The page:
New Article Explores Police Officer Barriers to Mental Health

Wilson Center Postdoc Dr. Meret Hofer co-wrote an article identifying police officers' treatment seeking barriers in order to outline a multi-pronged strategy for improving the accessibility of mental health services for police.

The paper, “There Was No Plan in Place to Get Us Help”: Strategies for Improving Mental Health Service Utilization Among Law Enforcement — co-written with Shannon M. Savell of the University of Virginia — was published in the Journal of Police and Criminal Psychology.

"While recent policy reports have emphasized the need for addressing police officers’ well-being and mental health as part comprehensive police reforms, and police leaders are taking the need for mental health care seriously by developing access to such services, few concrete recommendations have been made for improving officers’ mental health service utilization," Hofer said of the article.

Read the abstract:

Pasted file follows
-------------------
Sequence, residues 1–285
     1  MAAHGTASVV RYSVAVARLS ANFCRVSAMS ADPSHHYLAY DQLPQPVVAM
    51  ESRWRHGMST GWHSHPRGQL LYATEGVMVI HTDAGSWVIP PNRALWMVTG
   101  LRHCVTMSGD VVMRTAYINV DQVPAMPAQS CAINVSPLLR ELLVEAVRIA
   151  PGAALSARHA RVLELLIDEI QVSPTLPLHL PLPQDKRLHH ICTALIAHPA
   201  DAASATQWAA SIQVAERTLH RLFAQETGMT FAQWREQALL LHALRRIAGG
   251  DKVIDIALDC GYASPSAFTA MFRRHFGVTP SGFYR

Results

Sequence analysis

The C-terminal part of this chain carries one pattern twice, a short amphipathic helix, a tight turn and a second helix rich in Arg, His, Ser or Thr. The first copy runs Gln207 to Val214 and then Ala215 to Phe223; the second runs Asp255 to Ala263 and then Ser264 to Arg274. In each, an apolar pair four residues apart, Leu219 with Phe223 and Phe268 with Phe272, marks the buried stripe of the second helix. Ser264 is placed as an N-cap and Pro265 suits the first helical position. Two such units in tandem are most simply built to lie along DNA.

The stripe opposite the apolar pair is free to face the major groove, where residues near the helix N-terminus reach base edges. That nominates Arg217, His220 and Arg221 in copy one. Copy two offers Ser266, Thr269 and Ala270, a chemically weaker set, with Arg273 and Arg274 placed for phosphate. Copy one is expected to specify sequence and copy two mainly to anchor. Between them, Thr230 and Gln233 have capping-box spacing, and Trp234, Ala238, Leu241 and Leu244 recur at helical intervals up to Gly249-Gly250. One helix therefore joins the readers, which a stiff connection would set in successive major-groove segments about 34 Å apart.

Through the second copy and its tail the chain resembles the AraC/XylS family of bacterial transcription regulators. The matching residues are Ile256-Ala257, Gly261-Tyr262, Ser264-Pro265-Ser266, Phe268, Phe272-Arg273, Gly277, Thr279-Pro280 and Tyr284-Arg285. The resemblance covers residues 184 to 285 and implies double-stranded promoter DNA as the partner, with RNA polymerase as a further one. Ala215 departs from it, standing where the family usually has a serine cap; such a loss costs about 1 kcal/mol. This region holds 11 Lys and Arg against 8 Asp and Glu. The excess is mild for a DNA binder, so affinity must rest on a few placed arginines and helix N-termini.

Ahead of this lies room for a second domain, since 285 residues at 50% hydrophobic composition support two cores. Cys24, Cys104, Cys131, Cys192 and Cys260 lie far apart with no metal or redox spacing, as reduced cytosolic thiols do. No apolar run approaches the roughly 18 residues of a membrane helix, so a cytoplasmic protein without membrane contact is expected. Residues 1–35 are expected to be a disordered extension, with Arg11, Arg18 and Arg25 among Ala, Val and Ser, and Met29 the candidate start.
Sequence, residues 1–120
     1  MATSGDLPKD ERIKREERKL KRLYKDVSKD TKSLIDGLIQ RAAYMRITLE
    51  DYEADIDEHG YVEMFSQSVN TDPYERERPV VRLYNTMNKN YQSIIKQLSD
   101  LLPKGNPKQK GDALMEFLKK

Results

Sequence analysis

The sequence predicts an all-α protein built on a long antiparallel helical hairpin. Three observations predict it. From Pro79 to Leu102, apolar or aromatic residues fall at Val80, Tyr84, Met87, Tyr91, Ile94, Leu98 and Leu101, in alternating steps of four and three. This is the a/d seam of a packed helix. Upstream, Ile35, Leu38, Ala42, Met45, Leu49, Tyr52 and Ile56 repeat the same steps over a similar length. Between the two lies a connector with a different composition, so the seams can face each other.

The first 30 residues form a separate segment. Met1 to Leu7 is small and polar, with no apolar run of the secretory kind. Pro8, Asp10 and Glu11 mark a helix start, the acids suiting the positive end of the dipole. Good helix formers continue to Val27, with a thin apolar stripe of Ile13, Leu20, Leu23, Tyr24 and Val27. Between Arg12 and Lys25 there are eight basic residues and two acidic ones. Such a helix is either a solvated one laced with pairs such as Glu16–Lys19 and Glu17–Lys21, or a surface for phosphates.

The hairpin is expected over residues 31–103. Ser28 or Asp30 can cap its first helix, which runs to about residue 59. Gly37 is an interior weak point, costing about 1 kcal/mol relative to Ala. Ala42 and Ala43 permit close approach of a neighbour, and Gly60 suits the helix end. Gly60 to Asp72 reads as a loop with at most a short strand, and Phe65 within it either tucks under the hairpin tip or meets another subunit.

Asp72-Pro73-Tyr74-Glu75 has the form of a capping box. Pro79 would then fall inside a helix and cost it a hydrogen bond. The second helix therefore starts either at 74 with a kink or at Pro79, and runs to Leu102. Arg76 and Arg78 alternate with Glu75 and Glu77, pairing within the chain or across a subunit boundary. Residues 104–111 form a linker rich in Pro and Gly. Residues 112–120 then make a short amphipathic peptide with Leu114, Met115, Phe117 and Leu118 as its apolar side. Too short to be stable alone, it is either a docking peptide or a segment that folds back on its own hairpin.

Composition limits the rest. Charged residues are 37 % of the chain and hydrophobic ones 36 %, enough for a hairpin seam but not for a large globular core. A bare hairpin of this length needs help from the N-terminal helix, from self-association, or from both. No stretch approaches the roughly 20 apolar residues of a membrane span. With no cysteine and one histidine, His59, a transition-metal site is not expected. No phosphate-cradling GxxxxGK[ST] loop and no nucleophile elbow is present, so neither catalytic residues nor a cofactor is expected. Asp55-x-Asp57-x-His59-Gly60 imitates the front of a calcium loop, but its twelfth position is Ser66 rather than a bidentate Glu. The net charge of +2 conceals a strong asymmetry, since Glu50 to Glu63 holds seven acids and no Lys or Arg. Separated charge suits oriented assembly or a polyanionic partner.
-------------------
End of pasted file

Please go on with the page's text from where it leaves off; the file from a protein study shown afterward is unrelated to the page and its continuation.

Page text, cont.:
"Police experience a documented, elevated need for mental health (MH) care due to the significant chronic stressors and acute traumatic experiences that characterize police work. Yet, many barriers prevent officers from accessing and engaging fully in MH treatment. The purpose of this study is to understand the idiosyncratic officer-perceived barriers and facilitators to MH service utilization to generate strategies for increasing the accessibility of MH resources. Heeding the call for more qualitative work in this line of inquiry, we used thematic analysis of in-depth, semi-structured interviews with a sample of 48 U.S. police officers to examine how officers came to initiate MH services, why they chose to engage or not engage such resources, and what organizational and supervisory factors promoted service utilization. Officers’ narratives show that police leadership should strive to (1) alleviate fear of negative professional consequences by addressing structural stigma, (2) improve agency culture and social norms around mental health care by focusing on prevention and resilience, and (3) emphasize the development of relevant and trustworthy MH care. To address structural barriers, officers described the urgent need for police leadership to clarify and make transparent organizational MH policies and processes, systematize departmental MH responses, and leverage mandated counseling. Additionally, officers perceived the need for a cultural shift emphasizing comprehensive, incentivized, preventative MH services. Finally, officers’ concerns regarding the quality of MH care encompassed the need for confidential, trustworthy services grounded in the realities of police work. Implications for research and practice are discussed."